Abscesses: Abscesses begin as a simple bacterial infection inside the hoof, but when left untreated, your horse will become lame and suffer from chronic pain. These abscesses typically start from the inside, with symptoms that are not noticeable beyond your horse showing favoritism to specific legs. When your horse refuses to put much weight on their hoof, then you know that you might need to get them medical attention before it worsens. After attacking the inside of the hoof, the bacteria will spread to the entire hoof, causing the abscesses. And it doesn’t stop there – the bacteria will eventually infect the entirety of the leg. Do not let it get to that point, especially considering that abscesses are relatively easy to treat and should be addressed as soon as you notice the initial pain or swelling.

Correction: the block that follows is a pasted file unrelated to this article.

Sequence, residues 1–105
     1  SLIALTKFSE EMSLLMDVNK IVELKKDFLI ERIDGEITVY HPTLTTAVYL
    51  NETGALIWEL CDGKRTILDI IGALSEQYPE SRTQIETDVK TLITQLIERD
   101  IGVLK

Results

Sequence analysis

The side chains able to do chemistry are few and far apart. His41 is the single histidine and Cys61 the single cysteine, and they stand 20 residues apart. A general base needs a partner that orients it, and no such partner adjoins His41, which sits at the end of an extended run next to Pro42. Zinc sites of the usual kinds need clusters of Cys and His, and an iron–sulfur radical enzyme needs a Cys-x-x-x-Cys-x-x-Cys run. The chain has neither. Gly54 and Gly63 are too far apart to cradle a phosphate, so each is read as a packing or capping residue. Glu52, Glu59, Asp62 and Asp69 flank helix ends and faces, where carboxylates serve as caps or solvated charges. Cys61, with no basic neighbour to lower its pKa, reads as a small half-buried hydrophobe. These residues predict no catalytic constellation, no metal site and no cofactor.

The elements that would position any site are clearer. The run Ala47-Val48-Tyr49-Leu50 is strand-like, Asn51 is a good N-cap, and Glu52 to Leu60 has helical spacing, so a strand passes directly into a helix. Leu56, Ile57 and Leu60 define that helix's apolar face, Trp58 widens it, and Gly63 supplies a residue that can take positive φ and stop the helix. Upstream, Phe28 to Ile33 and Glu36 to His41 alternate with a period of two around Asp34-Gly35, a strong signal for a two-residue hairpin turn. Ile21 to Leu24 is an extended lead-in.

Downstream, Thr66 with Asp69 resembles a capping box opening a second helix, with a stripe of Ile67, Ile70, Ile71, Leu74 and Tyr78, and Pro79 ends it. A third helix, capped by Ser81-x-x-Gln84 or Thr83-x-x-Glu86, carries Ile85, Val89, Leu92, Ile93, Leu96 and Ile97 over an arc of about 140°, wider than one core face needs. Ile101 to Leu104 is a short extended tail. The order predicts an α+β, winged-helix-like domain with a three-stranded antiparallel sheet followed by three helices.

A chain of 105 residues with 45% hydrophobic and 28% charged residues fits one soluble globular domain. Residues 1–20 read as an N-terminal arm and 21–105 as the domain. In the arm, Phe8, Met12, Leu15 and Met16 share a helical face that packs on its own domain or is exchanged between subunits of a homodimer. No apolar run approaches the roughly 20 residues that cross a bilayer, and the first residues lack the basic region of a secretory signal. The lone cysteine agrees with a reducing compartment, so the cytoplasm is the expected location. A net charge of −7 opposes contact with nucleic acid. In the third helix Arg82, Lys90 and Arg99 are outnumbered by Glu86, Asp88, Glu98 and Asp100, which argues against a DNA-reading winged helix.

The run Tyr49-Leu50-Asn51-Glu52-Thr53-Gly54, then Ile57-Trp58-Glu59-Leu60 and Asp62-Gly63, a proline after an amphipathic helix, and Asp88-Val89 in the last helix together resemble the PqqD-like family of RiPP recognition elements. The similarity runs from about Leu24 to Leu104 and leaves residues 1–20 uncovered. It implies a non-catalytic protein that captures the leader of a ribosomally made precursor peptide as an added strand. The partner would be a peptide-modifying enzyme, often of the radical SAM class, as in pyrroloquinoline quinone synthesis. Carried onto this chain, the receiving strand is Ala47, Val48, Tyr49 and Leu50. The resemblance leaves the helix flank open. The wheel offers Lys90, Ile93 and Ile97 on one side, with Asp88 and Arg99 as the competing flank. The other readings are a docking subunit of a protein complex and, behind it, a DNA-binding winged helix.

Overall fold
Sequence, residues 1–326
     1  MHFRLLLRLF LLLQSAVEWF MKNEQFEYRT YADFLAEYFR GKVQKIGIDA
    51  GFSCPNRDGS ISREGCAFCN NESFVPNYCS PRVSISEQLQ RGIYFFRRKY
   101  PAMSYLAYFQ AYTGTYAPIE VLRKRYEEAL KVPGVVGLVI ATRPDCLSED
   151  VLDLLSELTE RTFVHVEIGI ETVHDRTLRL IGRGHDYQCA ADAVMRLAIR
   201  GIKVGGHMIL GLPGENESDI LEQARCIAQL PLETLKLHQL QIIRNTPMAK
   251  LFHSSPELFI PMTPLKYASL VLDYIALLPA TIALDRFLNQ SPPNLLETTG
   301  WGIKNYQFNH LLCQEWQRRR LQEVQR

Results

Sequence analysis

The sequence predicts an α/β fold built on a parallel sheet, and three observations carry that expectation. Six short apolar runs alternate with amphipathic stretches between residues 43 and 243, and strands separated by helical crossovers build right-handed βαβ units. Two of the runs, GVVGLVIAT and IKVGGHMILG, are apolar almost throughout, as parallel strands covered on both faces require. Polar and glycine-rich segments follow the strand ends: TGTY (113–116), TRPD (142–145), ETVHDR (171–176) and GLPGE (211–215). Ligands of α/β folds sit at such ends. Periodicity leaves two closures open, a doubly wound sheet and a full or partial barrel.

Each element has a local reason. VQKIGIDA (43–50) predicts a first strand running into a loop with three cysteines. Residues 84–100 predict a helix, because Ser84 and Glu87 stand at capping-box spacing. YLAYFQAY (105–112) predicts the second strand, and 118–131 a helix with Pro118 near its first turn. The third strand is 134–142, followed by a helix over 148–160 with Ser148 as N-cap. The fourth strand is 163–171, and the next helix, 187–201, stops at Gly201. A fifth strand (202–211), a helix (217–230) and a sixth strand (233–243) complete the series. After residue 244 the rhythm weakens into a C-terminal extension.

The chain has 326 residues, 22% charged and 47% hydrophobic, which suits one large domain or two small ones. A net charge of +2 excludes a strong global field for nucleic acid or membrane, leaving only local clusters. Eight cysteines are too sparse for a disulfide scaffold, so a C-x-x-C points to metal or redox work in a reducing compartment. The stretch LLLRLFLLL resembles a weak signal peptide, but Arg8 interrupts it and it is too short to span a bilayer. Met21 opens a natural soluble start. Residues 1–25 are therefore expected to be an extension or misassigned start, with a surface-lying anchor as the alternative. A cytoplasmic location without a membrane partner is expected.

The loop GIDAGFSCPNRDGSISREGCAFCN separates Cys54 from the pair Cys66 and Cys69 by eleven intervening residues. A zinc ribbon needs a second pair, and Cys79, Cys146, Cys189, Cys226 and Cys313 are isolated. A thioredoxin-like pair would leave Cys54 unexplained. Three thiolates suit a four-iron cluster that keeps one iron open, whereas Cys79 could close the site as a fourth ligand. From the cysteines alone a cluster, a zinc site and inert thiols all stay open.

Thrush: One of the most well-known causes of equine lameness is thrush. Like abscesses, thrush is a bacterial infection that affects the horse’s ability to walk without pain. Thrush begins in the frog of the hoof, and if left untreated, the infection will spread to the rest of the foot. The bacteria can come from just about anywhere in the horse’s environment, but the mixture of dirt and manure in their stalls is a very efficient conductor of thrush. The threat of thrush should be a great motivator to muck out your stalls as often as necessary and provide a clean environment that promotes hoof health. Remember – when you keep your equine environment clean, you will prevent your horse from suffering excruciating chronic pain.
Yes, these issues can be daunting and even scary, but there are not only ways to treat the aforementioned problems, but to also prevent them! It’s all about the time, resources and effort you are willing to give to your horse’s hoof health and care.
Regular Hoof Care